Point of view is a core building block of any successful design, and any successful design career. It isn’t simply about what you believe; it’s about why you believe it. In the real world, it’s easy to rationalize almost any design project as “good” from various sets of design criteria, but the strongest designers take a proactive role in defining and articulating a clear point of view and carrying it through their work. If designers are going to be more than takers of orders, executors of others’ ideas, or agents in the service of industry, they must enter the world with their own ideas, firmly grounded, passionate, and with a personal stake.
This course concerns itself with developing several competencies around the notion of point of view: Clarity: Point of view helps filter out “trend noise” and identify real problems rather than reacting to the traditional, market-driven paradigm; Empathy and Curiosity: Understanding (and evaluating) others’ points of view-especially of those most alien, and even disagreeable; Consistency and Transparency: Point of view is a story, and it is a story that has to be told honestly and openly; if it can’t stand up to full scrutiny, it’s not a real point of view; Legacy: The final reality check on any point of view is how it will be viewed in the future. In addition, students will be encouraged to think “beyond objects,” since point of view, going forward, may turn out to be best expressed in ways that don’t involve physical design, but rather game mechanics, virtual goods, augmented reality, or instantiations yet imagined.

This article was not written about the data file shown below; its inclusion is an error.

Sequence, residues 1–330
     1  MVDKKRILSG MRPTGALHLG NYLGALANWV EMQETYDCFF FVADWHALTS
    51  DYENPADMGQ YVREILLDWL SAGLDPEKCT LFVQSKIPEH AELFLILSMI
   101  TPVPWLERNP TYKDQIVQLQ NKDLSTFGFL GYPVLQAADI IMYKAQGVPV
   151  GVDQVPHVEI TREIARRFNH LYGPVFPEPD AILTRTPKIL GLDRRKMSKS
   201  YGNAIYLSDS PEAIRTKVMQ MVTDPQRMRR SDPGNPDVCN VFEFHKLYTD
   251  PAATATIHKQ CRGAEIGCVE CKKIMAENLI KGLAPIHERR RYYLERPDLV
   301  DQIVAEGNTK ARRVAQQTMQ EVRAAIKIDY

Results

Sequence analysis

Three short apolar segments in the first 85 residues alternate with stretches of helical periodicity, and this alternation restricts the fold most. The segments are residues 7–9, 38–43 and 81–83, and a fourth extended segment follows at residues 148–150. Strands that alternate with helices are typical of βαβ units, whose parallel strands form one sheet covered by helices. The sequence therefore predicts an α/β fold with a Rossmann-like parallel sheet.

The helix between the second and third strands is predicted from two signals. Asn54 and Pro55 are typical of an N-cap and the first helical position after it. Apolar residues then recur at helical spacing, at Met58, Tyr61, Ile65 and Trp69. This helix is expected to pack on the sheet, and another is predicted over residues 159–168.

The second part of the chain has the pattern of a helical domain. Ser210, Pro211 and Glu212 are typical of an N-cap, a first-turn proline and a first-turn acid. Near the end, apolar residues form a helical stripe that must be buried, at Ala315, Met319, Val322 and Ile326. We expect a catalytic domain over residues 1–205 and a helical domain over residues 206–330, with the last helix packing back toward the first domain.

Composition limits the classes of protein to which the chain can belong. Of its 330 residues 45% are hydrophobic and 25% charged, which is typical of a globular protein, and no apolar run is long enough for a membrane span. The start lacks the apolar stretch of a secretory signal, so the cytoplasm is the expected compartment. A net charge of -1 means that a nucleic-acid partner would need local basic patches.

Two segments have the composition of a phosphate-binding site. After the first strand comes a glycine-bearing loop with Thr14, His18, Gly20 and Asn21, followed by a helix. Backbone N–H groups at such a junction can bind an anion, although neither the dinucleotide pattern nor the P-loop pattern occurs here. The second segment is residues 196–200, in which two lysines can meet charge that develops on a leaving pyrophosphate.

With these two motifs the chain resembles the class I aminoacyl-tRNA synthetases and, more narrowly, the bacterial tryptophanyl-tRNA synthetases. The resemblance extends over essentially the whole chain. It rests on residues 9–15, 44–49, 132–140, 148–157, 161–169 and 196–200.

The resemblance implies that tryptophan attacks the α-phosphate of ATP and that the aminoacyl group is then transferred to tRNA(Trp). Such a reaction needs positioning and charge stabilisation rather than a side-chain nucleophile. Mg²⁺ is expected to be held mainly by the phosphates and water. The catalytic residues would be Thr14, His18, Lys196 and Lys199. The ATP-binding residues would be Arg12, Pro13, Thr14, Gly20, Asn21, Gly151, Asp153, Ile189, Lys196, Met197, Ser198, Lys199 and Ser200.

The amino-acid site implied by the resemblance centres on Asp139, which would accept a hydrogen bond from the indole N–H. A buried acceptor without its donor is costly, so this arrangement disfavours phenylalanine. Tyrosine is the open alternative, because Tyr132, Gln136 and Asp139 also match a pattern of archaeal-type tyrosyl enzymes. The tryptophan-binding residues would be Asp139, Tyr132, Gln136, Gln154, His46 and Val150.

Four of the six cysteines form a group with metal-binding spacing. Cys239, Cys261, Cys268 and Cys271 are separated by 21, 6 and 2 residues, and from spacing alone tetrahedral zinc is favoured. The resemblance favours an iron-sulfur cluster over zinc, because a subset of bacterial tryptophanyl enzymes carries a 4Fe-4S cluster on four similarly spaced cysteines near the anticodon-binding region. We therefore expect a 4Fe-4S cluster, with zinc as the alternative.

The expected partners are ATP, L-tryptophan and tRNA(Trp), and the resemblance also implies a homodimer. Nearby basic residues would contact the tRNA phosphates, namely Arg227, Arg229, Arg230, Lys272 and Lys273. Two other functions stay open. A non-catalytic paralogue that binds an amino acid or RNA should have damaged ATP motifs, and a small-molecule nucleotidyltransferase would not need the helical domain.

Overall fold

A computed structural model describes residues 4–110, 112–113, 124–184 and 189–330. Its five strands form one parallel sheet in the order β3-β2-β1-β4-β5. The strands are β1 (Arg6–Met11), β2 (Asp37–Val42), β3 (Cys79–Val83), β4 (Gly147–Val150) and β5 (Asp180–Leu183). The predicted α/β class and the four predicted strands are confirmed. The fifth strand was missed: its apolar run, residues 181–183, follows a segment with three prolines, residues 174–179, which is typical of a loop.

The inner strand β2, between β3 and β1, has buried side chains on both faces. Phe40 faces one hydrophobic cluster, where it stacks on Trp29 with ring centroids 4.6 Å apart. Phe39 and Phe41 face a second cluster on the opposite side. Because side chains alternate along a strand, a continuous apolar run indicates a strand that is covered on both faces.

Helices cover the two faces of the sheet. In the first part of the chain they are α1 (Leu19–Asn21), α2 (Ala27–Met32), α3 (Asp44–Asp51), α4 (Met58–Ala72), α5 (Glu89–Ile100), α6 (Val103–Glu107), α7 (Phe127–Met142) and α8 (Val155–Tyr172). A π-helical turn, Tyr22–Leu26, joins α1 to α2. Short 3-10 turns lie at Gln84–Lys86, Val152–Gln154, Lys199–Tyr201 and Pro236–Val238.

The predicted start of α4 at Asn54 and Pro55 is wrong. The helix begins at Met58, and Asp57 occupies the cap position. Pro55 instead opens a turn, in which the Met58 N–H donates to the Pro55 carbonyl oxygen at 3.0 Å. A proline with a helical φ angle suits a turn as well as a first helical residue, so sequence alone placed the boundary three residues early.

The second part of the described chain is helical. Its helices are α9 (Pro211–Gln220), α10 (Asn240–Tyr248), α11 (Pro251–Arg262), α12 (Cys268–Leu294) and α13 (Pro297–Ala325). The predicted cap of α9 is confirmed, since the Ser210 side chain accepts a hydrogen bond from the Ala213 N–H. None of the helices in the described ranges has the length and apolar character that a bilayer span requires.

This class will be a mixture of lectures, discussions, and field trips, and will require both written and physical prototyped assignments. The design provocation, “Why do we make the things we make?” will provide the bookends to the course-asked once at the beginning and again at the end-with an eye toward demonstrating that point of view can sharpen both intent and result, and that the student has learned its utility in informing the best design work.
Students in this course will come away with a set of tools to:
- Understand the role of point of view as a building block of original design creation
- Obtain skills to clearly articulate point of view
- Defend the student’s own design proposals and ideas
- Critique the design proposals and ideas of peers
- Inform and clarify long-term and short-term career goals
- Inform and clarify the thesis project
Required READING (prior to class)
- On Bullshit - Harry G. Frankfurt